A project undertaken at the School of Archaeology and Anthropology, and supervised by Matthew Spriggs
The project arose from the unexpected discovery in December 2003 of a Lapita culture (c. 3000-2700 Before Present) site at Teouma on the south coast of Efate Island in Central Vanuatu. This culture represents the culture of the initial human settlers of the archipelago. Earlier PBF-funded archaeological research by Matthew Spriggs and Stuart Bedford in NW Efate had located sites which dated to near the first date of colonisation of Vanuatu but which did not have the faunal or pottery signatures of being initial colonisation sites. The Teouma site was discovered and damaged while quarrying soil for a nearby prawn farm and came to the notice of Salkon Jonah, a Vanuatu National Museum fieldworker from the island of Epi who had been trained in archaeology as part of the previous PBF-funded project in NW Efate. He was shown a piece of pottery by a bulldozer driver who had worked at the quarry and Salkon recognised it as a piece of decorated Lapita pottery. He alerted National Museum staff who relocated the site in January 2004. The Director of the Museum, Mr Ralph Regenvanu, then requested the assistance of Spriggs and Bedford in investigating the site and assessing whether there was anything left undisturbed after cessation of quarrying activities. They applied to PBF for emergency funding to undertake this assessment.
The July-August 2004 fieldwork revealed not only that substantial intact deposits remained but also that the earliest activity at the site was its use as a cemetery, the earliest yet found in the Pacific Islands . The pottery suggested that its age is in the range of 3200-3000 BP, potentially pushing back the known date for human settlement of Vanuatu by some 200 years. The age of the burial site, its well-preserved decorated pottery, and the details of the burial rites practiced there make Teouma one of the most significant archaeological sites yet found in the region. During excavation there was extensive local interest in the findings, with visits by over 1000 school students and interested members of the public, and world-wide media coverage of the findings.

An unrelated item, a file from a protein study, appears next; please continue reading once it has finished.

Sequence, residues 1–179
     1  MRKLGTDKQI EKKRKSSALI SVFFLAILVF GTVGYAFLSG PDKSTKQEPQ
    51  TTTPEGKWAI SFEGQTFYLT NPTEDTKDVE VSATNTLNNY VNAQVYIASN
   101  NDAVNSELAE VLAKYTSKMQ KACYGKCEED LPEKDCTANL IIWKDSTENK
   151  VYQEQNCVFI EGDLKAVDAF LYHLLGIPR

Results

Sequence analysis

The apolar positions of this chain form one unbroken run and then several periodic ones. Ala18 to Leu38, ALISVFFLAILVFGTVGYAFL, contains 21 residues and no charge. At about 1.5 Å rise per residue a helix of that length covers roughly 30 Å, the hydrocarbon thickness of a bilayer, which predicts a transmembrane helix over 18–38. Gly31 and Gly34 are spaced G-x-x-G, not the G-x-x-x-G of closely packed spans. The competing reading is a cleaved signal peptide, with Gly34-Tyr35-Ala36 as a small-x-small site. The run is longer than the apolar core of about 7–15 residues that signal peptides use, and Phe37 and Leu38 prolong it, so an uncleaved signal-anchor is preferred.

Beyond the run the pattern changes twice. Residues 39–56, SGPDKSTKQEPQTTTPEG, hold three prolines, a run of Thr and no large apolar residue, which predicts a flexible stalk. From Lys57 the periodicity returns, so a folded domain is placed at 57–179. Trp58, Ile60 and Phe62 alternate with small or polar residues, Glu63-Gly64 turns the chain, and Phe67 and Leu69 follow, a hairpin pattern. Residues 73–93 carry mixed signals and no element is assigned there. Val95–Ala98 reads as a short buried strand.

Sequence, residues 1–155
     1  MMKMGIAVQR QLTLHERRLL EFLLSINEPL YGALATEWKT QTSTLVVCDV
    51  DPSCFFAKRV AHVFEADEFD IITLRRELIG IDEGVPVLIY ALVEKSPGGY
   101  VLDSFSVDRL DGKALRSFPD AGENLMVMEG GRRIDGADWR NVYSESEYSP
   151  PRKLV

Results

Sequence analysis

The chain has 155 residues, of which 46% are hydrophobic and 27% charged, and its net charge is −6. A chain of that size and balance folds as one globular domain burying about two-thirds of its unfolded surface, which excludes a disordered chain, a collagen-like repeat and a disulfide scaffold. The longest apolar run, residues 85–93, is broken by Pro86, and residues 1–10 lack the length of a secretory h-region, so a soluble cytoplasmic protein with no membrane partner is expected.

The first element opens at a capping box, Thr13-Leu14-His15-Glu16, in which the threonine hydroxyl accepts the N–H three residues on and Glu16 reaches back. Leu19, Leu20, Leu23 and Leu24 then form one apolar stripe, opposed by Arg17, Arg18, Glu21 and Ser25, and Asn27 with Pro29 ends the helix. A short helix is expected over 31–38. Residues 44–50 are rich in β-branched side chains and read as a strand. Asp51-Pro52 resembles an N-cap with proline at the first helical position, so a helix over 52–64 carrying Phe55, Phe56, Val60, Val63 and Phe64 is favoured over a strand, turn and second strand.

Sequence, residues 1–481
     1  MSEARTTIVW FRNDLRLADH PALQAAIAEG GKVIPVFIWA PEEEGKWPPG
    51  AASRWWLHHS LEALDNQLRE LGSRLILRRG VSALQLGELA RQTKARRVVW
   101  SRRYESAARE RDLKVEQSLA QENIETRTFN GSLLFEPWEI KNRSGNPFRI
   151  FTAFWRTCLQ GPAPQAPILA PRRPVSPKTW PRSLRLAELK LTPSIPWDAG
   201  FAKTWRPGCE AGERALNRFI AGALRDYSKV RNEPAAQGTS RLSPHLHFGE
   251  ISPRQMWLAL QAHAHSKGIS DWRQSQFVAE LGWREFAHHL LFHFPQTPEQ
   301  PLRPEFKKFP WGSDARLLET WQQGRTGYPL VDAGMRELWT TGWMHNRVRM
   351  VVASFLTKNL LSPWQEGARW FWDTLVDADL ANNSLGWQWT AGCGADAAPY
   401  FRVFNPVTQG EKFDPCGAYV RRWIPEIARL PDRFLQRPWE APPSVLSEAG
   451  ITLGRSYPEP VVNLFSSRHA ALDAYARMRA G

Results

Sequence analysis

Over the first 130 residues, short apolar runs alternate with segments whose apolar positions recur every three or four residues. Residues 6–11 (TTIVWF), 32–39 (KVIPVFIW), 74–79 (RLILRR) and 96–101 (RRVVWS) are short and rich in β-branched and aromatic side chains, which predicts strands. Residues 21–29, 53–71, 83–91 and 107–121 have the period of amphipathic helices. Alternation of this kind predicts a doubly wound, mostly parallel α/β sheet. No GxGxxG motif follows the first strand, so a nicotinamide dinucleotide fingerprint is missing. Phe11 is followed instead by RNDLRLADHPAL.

The site is significant for the light it will be able to throw on the origins of the Lapita people or peoples, the immediate ancestors of all Polynesians and many populations also in Island Melanesia. Origins for the Lapita population in S. China and Taiwan have been postulated on linguistic grounds, while recent genetic studies of present-day Polynesians and other Pacific groups suggest an origin in southern Wallacea (Sulawesi, Lesser Sunda Islands, Maluku and Timor). Archaeologists have long debated the question of Lapita origins but have never had a collection of Lapita skeletons to study. Teouma provides a major opportunity to bring closure to the debate. The skeletons are now being studied by French and New Zealand physical anthropologists and it is hoped to continue excavation at Teouma over the next few years to recover more information on these most-early human inhabitants of Vanuatu.